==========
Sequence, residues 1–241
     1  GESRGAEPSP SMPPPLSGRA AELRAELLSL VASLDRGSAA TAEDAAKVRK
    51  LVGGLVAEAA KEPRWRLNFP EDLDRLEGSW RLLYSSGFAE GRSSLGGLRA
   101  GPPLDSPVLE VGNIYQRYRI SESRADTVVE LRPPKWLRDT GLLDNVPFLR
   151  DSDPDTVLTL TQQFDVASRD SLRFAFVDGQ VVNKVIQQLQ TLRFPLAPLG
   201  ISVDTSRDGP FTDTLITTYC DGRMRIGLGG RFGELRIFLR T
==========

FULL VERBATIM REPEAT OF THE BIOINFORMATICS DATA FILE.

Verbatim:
Sequence, residues 1–241
     1  GESRGAEPSP SMPPPLSGRA AELRAELLSL VASLDRGSAA TAEDAAKVRK
    51  LVGGLVAEAA KEPRWRLNFP EDLDRLEGSW RLLYSSGFAE GRSSLGGLRA
   101  GPPLDSPVLE VGNIYQRYRI SESRADTVVE LRPPKWLRDT GLLDNVPFLR
   151  DSDPDTVLTL TQQFDVASRD SLRFAFVDGQ VVNKVIQQLQ TLRFPLAPLG
   201  ISVDTSRDGP FTDTLITTYC DGRMRIGLGG RFGELRIFLR T